Christmas lights — alternatively called twinkle lights and fairy lights — bring joy and excitement to every heart during the holiday season. Yet, when the calendar turns to January, you don’t necessarily have to pack your Christmas lights away.

If you want to enjoy the light and whimsy year-round, you can hang your Christmas lights inside your home — but you need to know how to do so without making your space feel like a college dorm. Here are some tips for using Christmas lights inside in a sophisticated and beautiful way.


The traditional luminaria is a small paper lantern, usually created inexpensively using a lunch bag and a candle and weighted with sand. However, you can create more durable (and less hazardous) luminarias using Christmas lights and a variety of other, more beautiful containers.

For example, you might punch small holes in tin cans or metal buckets to create intricate designs that will glow when you place Christmas lights inside. You can hang these buckets for a rustic lantern look, or you can place them on the counter or floor as decorative elements. White Christmas lights will glow the brightest and go with any décor, but colored Christmas lights could be fun for a party atmosphere.

Light Jars

A popular type of luminaria is a light jar, which involves placing fairy lights in a mason jar. This is an incredibly easy way to use Christmas lights indoors, and when used in large numbers, light jars can look appealing and chic. If a plain, clear jar doesn’t go with your interior aesthetic, you can change the color of the jar or add designs using paint. Acrylic paint will block out much of the light, or you can use sea glass paint for a more subtle effect.


A glowing fireplace creates a warm and comforting ambiance, but you don’t always want the extra heat, smoke and risk of a burning fire. Fortunately, you can enjoy a flameless fire by placing Christmas lights in your fireplace or fire pit.

First, you should style your fireplace with elements like stones or wooden logs. You can make your fireplace look natural and rustic or structured and chic, depending on the materials you use and the way you place them. Then, you can layer in your Christmas lights, taking care to hide the wires without obscuring the lights. White Christmas lights work best for a natural glow, but you can use colorful lights if you have a more eclectic style.

Wreaths and Garlands

Wreaths and garlands aren’t just for Christmas; you can use these decorative elements to celebrate any holiday or season. What’s more, you can add interest to your wreaths and garlands by working a string of Christmas lights into them. The more strings of lights you integrate, the brighter and more eye-catching your wreath or garland will be, so you should consider the effect you want to accomplish before you begin adding lights to these decorative elements.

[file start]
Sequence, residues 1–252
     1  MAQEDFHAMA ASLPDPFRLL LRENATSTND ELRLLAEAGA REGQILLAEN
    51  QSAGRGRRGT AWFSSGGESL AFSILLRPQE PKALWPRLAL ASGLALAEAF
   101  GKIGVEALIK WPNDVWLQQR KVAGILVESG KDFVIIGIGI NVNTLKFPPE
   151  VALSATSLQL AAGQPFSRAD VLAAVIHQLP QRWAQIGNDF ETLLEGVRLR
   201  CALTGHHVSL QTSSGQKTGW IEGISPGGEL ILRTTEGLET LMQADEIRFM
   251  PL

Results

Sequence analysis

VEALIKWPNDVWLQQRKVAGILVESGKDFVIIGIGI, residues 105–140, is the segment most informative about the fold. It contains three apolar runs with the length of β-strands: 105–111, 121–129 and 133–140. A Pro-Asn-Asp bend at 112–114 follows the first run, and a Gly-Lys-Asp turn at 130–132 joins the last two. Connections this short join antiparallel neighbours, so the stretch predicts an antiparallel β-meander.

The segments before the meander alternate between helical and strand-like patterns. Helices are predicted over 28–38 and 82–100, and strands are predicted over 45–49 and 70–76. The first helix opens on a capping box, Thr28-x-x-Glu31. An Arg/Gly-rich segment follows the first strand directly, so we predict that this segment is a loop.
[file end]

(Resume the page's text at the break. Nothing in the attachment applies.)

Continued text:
If you are looking for décor that will never go out of style, you should start decorating with indoor plants. Terrariums are glass containers of indoor plants that can create their own ecosystem, making them low-maintenance and beautiful centerpieces for your home. All it takes to make a terrarium are a handful of plants, some soil and a glass container like a goldfish bowl or bell jar. You can layer Christmas lights into the gravel at the base of your terrarium, which makes the tiny landscape look touched by magic.


You can shape strings of Christmas lights into letters to form words that add whimsy and fun to your interior design. There are a few ways to make signs using twinkle lights; you can

  • poke individual bulbs from the string through holes punched out of wood or paper letters,
  • wrap the string around nails driven into wood or metal to form letters, or
  • use rope lights to create a word in cursive.

You shouldn’t limit your sign to a holiday theme. You might spell “Bar” to decorate your bar area or shape the letters of your last name for your living room to enjoy your Christmas lights year-round.

If you make the right decorative decisions with your Christmas lights, you won’t need to pack them away come January. With some creativity and decorative risk-taking, you will find a beautiful and sophisticated way to use Christmas lights indoors in every season.

Categorized in: